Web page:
CAPE TOWN, South Africa (CNS) — Most of Christianity’s future growth is likely to be in the Global South, particularly in sub-Saharan Africa, where the Christian population is relatively young, according to a new analysis from the U.S.-based Pew Research Center.
And, while at last count more babies were born to Christian mothers than to members of any other religion, reflecting Christianity’s status as the world’s largest religious group, Muslim births will start to outnumber Christian births by 2035.
The share of Christians worldwide who live in sub-Saharan Africa is expected to increase dramatically between 2015 and 2060, from 26 per cent to 42 per cent, due to high fertility in the region. At the same time, lower fertility and religion switching are among factors that will lead to a drop in numbers of Christians living in Europe and North America, according to Pew Research Center demographic estimates released April 5.
The centre said there are important regional differences in birth and death trends for some religious groups. It noted that among Christians, sub-Saharan Africa experienced the biggest natural increase between 2010 and 2015 — with 64 million more births than deaths — followed by smaller Christian increases in Latin America and the Caribbean, Asia and the Pacific and North America.
Not only will there continue to be more Christian births than deaths in sub-Saharan Africa, but births will exceed deaths by larger numbers in upcoming five-year periods, it said.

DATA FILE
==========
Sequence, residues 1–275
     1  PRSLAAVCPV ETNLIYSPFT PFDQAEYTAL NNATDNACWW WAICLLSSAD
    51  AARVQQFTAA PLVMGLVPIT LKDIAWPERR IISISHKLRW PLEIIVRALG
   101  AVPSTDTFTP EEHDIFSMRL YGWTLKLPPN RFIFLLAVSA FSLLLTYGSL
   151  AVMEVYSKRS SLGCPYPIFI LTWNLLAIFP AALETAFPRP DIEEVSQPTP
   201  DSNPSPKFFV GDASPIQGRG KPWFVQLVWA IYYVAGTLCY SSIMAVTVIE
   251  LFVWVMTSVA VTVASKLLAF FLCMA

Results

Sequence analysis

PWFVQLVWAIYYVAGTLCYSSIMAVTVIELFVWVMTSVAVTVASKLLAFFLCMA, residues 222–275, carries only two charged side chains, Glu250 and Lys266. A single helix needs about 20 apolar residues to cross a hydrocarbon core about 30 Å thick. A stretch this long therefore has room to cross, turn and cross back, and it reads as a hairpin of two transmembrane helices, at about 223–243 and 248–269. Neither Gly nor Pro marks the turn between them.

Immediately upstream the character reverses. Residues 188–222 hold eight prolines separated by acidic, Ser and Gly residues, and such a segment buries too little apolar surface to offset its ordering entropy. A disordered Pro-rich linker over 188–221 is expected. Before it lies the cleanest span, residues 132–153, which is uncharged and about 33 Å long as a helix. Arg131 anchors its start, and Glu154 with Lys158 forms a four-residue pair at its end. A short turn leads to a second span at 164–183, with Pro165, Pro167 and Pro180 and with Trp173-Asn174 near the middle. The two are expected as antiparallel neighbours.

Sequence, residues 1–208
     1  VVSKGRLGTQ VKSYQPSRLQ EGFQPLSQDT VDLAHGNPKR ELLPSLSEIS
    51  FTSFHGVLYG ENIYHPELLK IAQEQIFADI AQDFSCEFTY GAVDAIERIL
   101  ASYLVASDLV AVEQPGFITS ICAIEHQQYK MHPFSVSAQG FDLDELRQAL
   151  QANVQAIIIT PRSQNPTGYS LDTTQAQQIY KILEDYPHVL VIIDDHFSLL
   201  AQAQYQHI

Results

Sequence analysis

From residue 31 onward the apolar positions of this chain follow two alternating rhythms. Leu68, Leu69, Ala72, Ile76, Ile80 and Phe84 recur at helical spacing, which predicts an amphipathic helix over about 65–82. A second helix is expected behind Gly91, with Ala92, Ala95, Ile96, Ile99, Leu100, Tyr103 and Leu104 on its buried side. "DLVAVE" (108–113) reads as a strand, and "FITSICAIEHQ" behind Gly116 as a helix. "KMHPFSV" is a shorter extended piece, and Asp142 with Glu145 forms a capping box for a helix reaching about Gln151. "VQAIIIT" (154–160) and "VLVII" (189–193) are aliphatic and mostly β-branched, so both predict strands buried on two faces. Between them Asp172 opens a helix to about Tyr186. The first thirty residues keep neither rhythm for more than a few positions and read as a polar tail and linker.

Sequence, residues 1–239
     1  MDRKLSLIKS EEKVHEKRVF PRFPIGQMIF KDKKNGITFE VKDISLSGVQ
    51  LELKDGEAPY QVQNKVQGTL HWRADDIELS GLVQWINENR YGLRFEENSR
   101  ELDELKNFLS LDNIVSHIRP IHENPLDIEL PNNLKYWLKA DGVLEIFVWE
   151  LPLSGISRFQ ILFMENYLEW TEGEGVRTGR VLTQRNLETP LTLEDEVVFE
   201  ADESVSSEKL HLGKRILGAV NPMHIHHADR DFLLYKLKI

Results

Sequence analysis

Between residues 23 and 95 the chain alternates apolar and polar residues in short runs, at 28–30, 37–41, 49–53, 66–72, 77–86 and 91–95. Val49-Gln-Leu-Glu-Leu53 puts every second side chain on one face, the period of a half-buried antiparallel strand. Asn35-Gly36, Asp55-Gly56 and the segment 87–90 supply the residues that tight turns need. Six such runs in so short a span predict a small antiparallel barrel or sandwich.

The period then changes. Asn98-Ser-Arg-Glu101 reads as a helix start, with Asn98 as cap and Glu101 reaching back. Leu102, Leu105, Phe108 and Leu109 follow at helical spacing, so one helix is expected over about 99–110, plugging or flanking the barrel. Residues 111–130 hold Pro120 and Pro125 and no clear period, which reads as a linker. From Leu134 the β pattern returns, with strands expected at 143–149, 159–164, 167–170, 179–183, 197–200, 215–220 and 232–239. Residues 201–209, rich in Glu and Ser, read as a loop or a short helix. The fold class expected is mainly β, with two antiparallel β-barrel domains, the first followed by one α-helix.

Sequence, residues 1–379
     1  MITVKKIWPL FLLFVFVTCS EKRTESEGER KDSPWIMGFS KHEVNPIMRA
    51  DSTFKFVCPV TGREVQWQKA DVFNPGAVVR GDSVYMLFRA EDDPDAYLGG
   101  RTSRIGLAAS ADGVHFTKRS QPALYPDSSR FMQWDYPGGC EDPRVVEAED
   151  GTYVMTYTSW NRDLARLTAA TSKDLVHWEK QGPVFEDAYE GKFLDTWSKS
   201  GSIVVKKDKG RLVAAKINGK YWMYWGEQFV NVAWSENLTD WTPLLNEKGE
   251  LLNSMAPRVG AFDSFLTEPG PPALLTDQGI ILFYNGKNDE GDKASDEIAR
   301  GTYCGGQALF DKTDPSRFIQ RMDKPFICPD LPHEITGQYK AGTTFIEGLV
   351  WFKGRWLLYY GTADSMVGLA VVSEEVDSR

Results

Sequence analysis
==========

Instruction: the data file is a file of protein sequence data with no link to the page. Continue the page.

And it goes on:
In recent years, Christians have had a disproportionately large share of the world’s deaths — 37 per cent — largely because of the relatively advanced age of Christian populations in areas such as Europe.
In Europe, Christian deaths already outnumber births, and this trend is likely to continue through 2060. In North America, the number of Christian deaths is projected to exceed the number of births by the year 2050.
In Latin America and the Asia-Pacific region, the number of Christian births will continue to exceed the number of deaths through 2060, but the natural increases as 2060 draws closer will be much smaller than they are now, as these regions experience significant declines in fertility.
These are among the findings of the Pew Research Center’s analysis of demographic data, based on the same database of more than 2,500 censuses, surveys and population that it used for its 2015 report “The Future of World Religions: Population Growth Projections, 2010-2050.”
In 2015, Christians made up 31 per cent of the world’s 7.3 billion people. Muslims were the second-largest religious group, with 24 per cent of the global population, followed by religious “nones” (16 per cent), Hindus (15 per cent) and Buddhists (7 per cent).
Adherents of folk religions, Jews and members of other religions make up smaller proportions of the world’s people.
Except for Muslims and Christians, all major world religions are projected to make up a smaller percentage of the global population in 2060 than they did in 2015.
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